Granny suffered from robustly healthy teeth, which she considered a big drawback in a witch. She really envied Nanny Annaple, the witch over the mountain, who managed to lose all her teeth by the time she was twenty and had real crone-credibility. It meant you ate a lot of soup, but you also got a lot of respect. And then there was warts. Without any effort Nanny managed to get a face like a sockful of marbles, while Granny had tried every reputable wart-causer and failed to raise even the obligatory nose wart.
She wears black, like any proper witch, and has a pointy hat, and a great many layers of clothing. She does get to dress up in an opera gown in Maskerade though, and carries it off very well.
Granny wasn't sure she approved of silk, she'd heard it came out of a caterpillar's bottom, but black velvet had a powerful attraction. Loyalty won.
"I'll be off, then," she said at last. She turned and strode off towards the kitchen entrance. As she did so her cloak swirled out, and Esk saw that it was now lined with red. A dark, winy red, but red nevertheless. On Granny, who had never been known to wear any visible clothing that was other than a serviceable black, it was quite shocking.
Witches hats are described in Hat Full of Sky - normal ones, that is, not specially- reinforced-with-liquor-Nanny-Ogg ones!
The old witch walked across the room and tugged the cloth off the thing in the corner. It turned out to be a big wooden spike, just about the size of a pointy hat on a tall stand. A hat was being constructed on it, with thin strips of willow and pins and stiff black cloth.
'I make my own,' she said. 'Every year. There's no hat like the hat you make yourself. Take my advice. I stiffens the calico and makes it waterproof with special jollop. It's amazing what you can put into a hat you make yourself. But you didn't come to talk about hats.'
A Hat Full of Sky
Her boots are huge, sturdy things that set off sparks from cobblestones.
Granny Weatherwax stretched out her legs and looked at her boots. They were good strong boots, with hobnails and crescent-shaped scads; you couldn't believe a cobbler had made them, someone had laid down a sole and built up from there.
Cooks and scullery maids darted for cover as the old woman pounded along the slippery flagstones, leapt up the stairs to the courtyard and skidded out into the lane, her shawl flying out behind her and her boots striking sparks from the cobbles. Once out into the open she hitched up her skirts and broke into a full gallop, turning the corner into the main square in a screeching two-boot drift that left a long white scratch across the stones.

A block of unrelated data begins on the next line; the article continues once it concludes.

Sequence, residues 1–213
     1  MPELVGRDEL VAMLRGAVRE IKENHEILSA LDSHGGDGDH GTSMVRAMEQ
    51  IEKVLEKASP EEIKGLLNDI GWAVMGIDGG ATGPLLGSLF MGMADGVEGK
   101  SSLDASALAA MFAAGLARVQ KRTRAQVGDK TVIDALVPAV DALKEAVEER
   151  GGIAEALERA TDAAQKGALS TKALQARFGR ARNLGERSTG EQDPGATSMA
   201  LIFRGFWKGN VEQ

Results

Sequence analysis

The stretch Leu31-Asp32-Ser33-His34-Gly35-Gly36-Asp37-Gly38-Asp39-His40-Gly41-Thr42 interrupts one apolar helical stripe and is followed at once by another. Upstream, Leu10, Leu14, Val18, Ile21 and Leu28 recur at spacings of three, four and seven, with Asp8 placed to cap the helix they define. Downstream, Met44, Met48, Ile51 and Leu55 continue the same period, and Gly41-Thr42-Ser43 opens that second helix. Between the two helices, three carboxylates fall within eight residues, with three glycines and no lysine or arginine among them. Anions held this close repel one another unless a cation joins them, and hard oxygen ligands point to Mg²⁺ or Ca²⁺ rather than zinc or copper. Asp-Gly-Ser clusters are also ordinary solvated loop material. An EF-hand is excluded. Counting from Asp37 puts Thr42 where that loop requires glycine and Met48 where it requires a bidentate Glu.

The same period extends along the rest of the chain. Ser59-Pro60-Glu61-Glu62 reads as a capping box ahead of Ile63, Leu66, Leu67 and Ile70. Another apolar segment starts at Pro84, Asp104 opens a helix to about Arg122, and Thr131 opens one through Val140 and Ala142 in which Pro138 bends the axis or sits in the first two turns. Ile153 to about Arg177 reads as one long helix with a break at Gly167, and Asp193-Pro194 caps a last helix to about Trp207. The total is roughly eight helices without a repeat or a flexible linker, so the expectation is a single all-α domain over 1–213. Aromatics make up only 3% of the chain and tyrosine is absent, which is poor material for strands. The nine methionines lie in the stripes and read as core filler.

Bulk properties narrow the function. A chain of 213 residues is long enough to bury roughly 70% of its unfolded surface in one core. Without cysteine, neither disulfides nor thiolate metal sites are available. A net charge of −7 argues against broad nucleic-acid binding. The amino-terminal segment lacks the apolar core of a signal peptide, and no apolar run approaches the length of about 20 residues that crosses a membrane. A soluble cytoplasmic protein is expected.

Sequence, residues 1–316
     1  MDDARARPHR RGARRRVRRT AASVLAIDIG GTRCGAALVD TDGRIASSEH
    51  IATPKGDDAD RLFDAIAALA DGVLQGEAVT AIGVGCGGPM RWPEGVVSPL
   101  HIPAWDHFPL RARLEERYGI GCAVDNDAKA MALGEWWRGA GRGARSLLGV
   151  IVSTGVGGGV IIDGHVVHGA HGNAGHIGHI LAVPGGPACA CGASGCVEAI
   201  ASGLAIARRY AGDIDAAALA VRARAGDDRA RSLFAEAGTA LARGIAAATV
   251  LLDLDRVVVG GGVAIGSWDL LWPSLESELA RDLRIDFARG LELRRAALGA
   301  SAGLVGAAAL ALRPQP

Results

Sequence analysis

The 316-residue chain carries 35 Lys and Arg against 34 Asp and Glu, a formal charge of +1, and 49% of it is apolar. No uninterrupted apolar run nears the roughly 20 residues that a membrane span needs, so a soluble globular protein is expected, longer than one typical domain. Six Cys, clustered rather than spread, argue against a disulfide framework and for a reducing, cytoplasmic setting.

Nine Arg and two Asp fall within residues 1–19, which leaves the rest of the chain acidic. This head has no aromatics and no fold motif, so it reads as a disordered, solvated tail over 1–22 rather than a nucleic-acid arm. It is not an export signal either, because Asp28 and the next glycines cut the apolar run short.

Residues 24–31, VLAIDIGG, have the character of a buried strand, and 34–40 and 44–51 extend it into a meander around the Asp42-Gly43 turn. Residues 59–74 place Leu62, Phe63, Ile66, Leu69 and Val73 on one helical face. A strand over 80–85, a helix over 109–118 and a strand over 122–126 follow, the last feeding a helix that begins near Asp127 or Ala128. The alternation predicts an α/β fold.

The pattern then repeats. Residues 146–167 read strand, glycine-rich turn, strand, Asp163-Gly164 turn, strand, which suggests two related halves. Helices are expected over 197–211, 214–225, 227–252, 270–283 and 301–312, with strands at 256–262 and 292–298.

Jewelry - don't be silly. Granny doesn't approve of such frippery. She has sensible and very long hatpins and a ... well, okay, a crescent shaped brooch to pin her cloak together. But it's only crescent-shaped because that's a very good shape for holdng a cloak together, not because it is in anyway witchy.
I Aten't Dead
Book One: Equal Rites - The early version of Granny Weatherwax
"They say there's dwarf mines under the Ramtops," she said inconsequentially. "My, but them little buggers is in for a surprise."
-- Granny reflects on Esk's methods of lighting a fire.
Equal Rites was one of the very early Discworld books (the third, in fact), and a lot of the story is no longer 'standard' Discworld canon. Basically it involved a Wizard, and passing on his very magical and plot-moving staff to the an eighth son of an eighth son and carelessly forgetting to check its sex. Predictably, it's a girl, and she (Esk) goes off to take the very traditionally male Unseen University by storm.
Esk comes from Lancre, and grows up there, and is encouraged along the path of making the Wizards very sorry about the situation (i.e. by going to claim her birthright) by old Granny Weatherwax. Even in the earliest books, there was a healthy rivalry and mutual peering-down-of-noses between the rural female witches and the Wizards... anyway, Granny Weatherwax gets her to the University and then helps sneak her in as a servant when the wizards laugh in their faces.
It was published in 1987 - the year of my birth- and is obviously about equal rights. Eskarina turns up again in the latest book I Shall Wear Midnight.
I Shall Wear Midnight
"Truly original...Discworld is more complicated and satisfactory than oz...Has the energy of The Hitchhiker's Guide to the Galaxy and the inventiveness of Alice in Wonderland...Brilliant!" -- A . S. Byatt --This text refers to the Mass Market Paperback edition.
Wyrd Sisters - Book Two: In which the coven is introduced properly and her character is established
Wyrd Sisters is the first 'real' Witches book. Here we meet the Lancre coven - Granny, Nanny and Magrat - in a comic parody of Macbeth.